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Almost two decades after helping found Netflix, Mitch Lowe is turning his attention to another startup trying to change the way people watch movies. Lowe has taken over as chief executive officer at MoviePass, a five-year old company that offers an all-you-can-watch subscription service for movie theaters.
MoviePass gives subscribers a debit card that allows them to attend as many movies as they want. The service starts at about $30 a month, with higher prices in more expensive cities. The subscription covers 90 percent of movie theaters in the United States, according to MoviePass.
Still, the experience feels like a bit of a hack in most places, largely because theaters haven't completely bought into the idea. Outside a Manhattan theater on Saturday night, there was a laminated card taped to the box office window explaining how the MoviePass process works. It was five paragraphs long.
Lowe acknowledged that he has a lot of work to do to persuade both theaters and movie fans that this is something they should go along with. "We've got a subscription where you can go to the movies at almost any theater that accepts a debit card, yet people don't really get how great an experience we can make it," said Lowe.
Earlier this year, he took a significant ownership stake in the company and began serving as an adviser, then agreed to take over as CEO. He said that Spikes, the co-founder and current CEO, will stay with the company.
If Lowe does jump-start MoviePass, it will be a satisfying capstone on a career that has touched on the development of many new business models for watching films. His first foray was an investment in Captain Video, a San Francisco Bay Area movie store chain, in 1982. During that era, Lowe's big innovation was using color-coded paper clips on the 3-by-5 index cards used to track rentals so the manager would know what day to expect the tapes to be returned.
In the 1990s, he built a company that allowed stores to set up their own websites and became head of the Video Software Dealers Association, the trade group for video stores. There, he met Reed Hastings and Marc Randolph, who were looking to start a DVD-by-mail service called Netflix. He sensed a big idea and pitched himself as the person who could help make it happen. "They were looking for someone who knew the business," he said. He later went onto be president of Redbox, the video-rental kiosk company.
One major stumbling block to proving the potential of a subscription service for theaters could be that the idea kind of runs counter to the last decade or so of movie-going habits. Attendance at U.S. movie theaters has declined by 17 percent since 2002, according to Box Office Mojo. Theaters have been able to weather the storm by charging people more each time they come to the theater. Average ticket prices have risen 45 percent, mostly because theaters focus on upselling people on such features as 3D or IMAX that are hard to replicate in private residences.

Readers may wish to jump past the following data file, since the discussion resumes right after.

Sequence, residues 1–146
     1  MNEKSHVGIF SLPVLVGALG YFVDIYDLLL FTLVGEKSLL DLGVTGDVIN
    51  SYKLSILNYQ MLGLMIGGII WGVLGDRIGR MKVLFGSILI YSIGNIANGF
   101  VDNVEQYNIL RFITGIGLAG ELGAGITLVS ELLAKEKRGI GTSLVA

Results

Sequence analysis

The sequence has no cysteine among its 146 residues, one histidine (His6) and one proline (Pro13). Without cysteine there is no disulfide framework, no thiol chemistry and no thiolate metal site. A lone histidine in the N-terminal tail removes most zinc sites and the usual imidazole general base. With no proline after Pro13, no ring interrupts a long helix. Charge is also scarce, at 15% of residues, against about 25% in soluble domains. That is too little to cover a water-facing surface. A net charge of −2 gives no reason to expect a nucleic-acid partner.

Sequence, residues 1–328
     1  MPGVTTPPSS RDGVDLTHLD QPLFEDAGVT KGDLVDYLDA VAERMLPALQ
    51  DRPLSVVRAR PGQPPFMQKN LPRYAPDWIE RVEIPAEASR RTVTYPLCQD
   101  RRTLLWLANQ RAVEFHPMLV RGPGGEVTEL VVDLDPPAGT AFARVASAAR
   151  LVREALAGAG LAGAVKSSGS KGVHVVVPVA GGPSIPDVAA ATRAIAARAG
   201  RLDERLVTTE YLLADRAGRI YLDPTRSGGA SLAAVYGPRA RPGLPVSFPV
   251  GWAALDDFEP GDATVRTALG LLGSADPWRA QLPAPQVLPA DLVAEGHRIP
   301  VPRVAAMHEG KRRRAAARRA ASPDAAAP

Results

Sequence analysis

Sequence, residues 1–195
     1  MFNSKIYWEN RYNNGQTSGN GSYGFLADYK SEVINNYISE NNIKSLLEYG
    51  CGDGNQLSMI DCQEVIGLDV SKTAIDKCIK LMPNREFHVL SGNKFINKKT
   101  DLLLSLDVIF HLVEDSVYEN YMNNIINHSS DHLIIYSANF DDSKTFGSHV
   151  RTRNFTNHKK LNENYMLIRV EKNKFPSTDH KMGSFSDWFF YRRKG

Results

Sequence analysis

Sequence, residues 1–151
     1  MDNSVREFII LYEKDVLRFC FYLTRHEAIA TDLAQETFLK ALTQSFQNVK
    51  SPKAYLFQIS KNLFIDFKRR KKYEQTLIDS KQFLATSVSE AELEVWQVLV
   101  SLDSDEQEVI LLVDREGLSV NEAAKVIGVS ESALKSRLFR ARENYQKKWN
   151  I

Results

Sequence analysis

Subscription services seem to appeal best for products people consume routinely. Going to the movie theater is becoming less of a routine for Americans, and movie theaters are adjusting accordingly.
To get people comfortable with the idea of subscriptions, MoviePass plans to launch its first major marketing campaign. Lowe wants to expand the company's range of services, with the cheapest subscription coming in at under $20 a month. He will immediately look to raise a further funding round.
Smoothing the customer experience probably means convincing movie theaters to work more closely with MoviePass. Over the last five years, many theater owners have been skeptical.
"The movie industry has been very resistant to change," said Wade Holden, an analyst at SNL Kagan. "They're trying to draw in more crowds but still keep their traditional ticketing services."
Lowe insists that theaters have nothing to fear.
He believes a subscription service will inspire people to visit theaters more regularly. MoviePass doesn't take a cut of the ticket sales it facilitates. Its business model is similar to the one employed by most fitness clubs-hoping more subscribers will underuse the service than overuse it.
"The theaters will get full price," said Lowe. "We're not asking for a discount or a rebate. When we go into these conversations, that's the first thing they expect us to be asking."